Five Years After The Collapse of Lehman Brothers
September 15th is the fifth anniversary of the bankruptcy of Lehman Brothers. Let’s consider what’s changed during the five years since the meltdown of the financial sector brought the world to the brink of a new great depression.
The US government’s debt has increased by approximately $7 trillion or by 125%.
The US mortgage market was essentially nationalized when Fannie Mae and Freddie Mac were put into “Conservatorship”, but Fannie and Freddie remain unreformed.
The banking industry is much more concentrated than ever before. The four largest banks control roughly a third of all the deposits in the country.
The derivatives industry remains inadequately regulated. More the $600 trillion worth of derivatives still trade Over-The-Counter with little transparency or oversight.
The Volcker Rule banning banks from speculating for the own account has become law, but that law has not been implemented.
Larry Summers, who advocated derivatives deregulation and the repeal of Glass-Steagall as Treasury Secretary, is now the front-runner to replace Ben Bernanke as Fed Chairman in January 2014.
Roughly 1.5 million manufacturing jobs (more than 10% of the total) have disappeared in the US.
Median Income in the US (adjusted for inflation) has fallen back to where it was in 1989.
Household Net Worth, however, is at an all time high of more than $70 trillion.
So, what should we conclude from these facts? The obvious conclusion is that Creditism has survived and that the bankers still rule!
Our economic system has evolved from Industrial Capitalism, a system in which wealth was primarily derived from the manufacturing process, to Creditism, a system in which wealth is primarily derived from credit creation. During the age of Industrial Capitalism the “Captains of Industry” controlled the political power. Now the Bankers do. It should not be forgotten that whoever creates the wealth controls the political power.
Practically, what does this mean for our future? In the near term, it probably means that property and stocks prices are going to continue going up. The Financial Industry, the dominant political power, can be counted on to make sure that policies are enacted by the government that will benefit the Financial Industry. And, what the Financial Industry requires above all else in order to make money is for credit to expand.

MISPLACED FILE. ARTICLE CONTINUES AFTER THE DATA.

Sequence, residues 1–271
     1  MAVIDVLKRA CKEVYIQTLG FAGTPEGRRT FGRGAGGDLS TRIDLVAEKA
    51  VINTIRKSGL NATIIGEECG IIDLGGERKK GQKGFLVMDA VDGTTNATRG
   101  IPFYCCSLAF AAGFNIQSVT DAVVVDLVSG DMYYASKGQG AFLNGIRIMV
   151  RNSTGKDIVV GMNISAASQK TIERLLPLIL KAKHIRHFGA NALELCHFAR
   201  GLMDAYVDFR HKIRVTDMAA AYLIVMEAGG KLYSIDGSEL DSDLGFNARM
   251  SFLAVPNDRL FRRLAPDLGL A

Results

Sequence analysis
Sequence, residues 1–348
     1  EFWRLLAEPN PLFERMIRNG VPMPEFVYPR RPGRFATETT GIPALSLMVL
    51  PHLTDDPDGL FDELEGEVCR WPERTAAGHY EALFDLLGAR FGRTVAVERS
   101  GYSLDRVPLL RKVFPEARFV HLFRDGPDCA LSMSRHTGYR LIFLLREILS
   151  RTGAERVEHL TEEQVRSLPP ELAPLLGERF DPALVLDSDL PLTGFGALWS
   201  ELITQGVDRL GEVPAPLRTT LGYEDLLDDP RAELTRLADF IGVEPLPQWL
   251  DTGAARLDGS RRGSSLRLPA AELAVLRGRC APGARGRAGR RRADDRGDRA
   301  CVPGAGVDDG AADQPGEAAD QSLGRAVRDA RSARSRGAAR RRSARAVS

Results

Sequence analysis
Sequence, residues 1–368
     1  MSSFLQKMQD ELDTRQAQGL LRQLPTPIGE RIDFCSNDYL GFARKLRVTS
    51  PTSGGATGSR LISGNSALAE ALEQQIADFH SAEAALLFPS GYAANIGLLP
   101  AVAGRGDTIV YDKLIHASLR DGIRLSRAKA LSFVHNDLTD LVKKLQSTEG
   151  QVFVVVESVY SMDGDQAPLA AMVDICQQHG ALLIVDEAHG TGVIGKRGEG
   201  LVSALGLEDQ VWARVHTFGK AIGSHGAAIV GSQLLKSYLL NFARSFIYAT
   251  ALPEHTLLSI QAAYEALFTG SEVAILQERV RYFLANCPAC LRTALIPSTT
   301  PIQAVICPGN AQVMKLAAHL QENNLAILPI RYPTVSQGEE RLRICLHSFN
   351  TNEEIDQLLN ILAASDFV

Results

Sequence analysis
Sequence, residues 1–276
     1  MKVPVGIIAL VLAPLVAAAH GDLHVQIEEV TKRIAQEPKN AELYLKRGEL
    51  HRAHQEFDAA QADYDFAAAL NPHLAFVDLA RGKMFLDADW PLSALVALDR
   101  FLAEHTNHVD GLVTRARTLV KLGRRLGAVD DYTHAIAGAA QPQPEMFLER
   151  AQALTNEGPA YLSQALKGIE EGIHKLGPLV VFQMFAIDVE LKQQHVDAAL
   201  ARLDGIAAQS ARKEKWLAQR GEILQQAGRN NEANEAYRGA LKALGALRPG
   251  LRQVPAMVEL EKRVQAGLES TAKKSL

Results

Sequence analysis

If credit expansion is going to be sustainable, however, whoever borrows the money has to have the means of eventually repaying it. Since 2008, it has been the $7 trillion increase in government debt that has allowed credit to expand. Now that the budget deficit is falling sharply (by approximately 40% this year) due to sequestration and higher taxes, the government will borrow much less. That means some other sector of the economy will have to be encouraged to, incentivized to, in short, made to borrow much more. And that sector will have to be the Household Sector – in other words, people like you.
But the median income of the Household Sector is falling. So, if that sector is going to be able to service the interest expense on its new debt, the value of its assets (homes and stock portfolios) will have to be made to increase. As those assets appreciate in value, their owners will be able to borrow against them and, thereby, be able to pay the interest on the money they borrowed earlier.
So, as I see it, the Financial Industry will use all its immense political influence to make sure that the government (including the Fed) takes whatever actions necessary to force home prices and stock prices to continue to rise.
At present, Quantitative Easing is having the desired effect of pushing up asset prices. I expect this to continue. The Fed may soon begin to “taper” its pace of fiat money creation from its current rate of $85 billion a month, but it is very unlikely (in my opinion) to taper so much that asset prices stop rising.
Creditism is an economic system that requires credit growth to survive. It is managed at the macro level by the government, over which the Financial Industry holds dominate political sway.
This system is inherently unstable and, in all likelihood, unsustainable over the long run. That said, it would probably be a grave mistake to bet on it collapsing any time soon. Therefore, it would be wise to attempt to understand how this system works and how it is likely to evolve from here. If you would like to have a better understanding of How The Economy Really Works, please click on the link below: